Constructing DEM — LIDAR elevation data is typically distributed as a collection of (x,y,z) points, but most GIS algorithms are designed for either grid or triangulated irregular network (TIN) digital elevation models. We developed two methods for efficiently converting LIDAR point sets to more conventional formats:
Noise Removal — Even with high-resolution LIDAR data, there is some level of noise in DEMs derived from LIDAR. We are interested in methods of correcting noisy DEMs, particularly noise that impedes water flow along hydrological features. We present a method of computing a persistence score for topological features and use this persistence score to remove small topological features likely the result of noise while preserving larger features.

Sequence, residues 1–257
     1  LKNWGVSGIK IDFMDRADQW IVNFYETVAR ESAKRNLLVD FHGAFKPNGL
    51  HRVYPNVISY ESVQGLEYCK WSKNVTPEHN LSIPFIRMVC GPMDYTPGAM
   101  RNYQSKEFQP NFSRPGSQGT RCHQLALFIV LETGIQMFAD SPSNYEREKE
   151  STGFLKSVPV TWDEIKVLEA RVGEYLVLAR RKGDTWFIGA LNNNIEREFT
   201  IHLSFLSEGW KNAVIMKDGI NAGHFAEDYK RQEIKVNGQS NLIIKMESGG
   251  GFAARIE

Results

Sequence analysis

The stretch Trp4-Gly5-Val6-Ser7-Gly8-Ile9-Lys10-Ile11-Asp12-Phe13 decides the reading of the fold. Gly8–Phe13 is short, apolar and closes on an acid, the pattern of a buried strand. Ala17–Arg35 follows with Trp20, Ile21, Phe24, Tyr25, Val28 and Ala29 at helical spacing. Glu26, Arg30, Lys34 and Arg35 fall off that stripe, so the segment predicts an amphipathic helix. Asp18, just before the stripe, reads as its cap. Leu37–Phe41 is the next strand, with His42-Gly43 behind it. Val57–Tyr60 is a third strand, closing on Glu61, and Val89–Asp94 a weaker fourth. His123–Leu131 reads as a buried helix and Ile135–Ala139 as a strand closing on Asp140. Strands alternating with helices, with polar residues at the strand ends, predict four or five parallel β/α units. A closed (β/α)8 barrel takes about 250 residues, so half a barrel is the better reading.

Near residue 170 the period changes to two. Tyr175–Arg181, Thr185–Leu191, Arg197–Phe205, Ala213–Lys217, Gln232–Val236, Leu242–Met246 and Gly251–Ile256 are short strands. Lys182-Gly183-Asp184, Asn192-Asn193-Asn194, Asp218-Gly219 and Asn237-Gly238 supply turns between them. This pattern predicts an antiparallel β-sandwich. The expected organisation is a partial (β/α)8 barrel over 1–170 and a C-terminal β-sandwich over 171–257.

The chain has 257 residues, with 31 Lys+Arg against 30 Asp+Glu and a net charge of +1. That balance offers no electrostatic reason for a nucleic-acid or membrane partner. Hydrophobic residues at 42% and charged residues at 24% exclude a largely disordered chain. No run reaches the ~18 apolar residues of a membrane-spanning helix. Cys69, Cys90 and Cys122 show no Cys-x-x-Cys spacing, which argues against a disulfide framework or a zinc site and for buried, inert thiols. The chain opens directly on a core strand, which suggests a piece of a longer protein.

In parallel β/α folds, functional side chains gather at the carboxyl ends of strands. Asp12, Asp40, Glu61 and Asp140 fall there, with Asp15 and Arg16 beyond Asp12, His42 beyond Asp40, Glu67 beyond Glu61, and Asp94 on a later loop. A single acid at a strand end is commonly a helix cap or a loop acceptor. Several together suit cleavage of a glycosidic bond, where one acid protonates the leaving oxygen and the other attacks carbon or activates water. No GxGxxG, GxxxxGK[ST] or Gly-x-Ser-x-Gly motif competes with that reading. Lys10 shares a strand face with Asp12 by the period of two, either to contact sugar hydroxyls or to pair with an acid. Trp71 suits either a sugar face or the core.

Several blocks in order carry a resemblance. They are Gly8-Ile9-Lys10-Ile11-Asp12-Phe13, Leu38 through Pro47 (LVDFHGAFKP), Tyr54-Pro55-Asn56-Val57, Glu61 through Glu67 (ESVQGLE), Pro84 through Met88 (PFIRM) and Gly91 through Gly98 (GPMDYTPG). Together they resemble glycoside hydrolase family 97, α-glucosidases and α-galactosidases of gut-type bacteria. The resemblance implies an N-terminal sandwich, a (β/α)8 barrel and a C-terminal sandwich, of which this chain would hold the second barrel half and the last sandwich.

Hierarchical Watershed Decomposition — This project partitions a terrain into a hierarchy of nested watersheds using completely automated methods. Each node in the terrain is assigned a unique watershed label, that not only encodes its location in the watershed hierarchy but also allows users to determine upstream and downstream watersheds using only waterhsed labels.
Topographic Change — Because LIDAR can efficiently map large areas quickly, it is possible to acquire regular time series datasets of changing area. Detecting topographic change can quickly identify beach dunes damaged by hurricanes, monitor urban development or measure change in forest growth.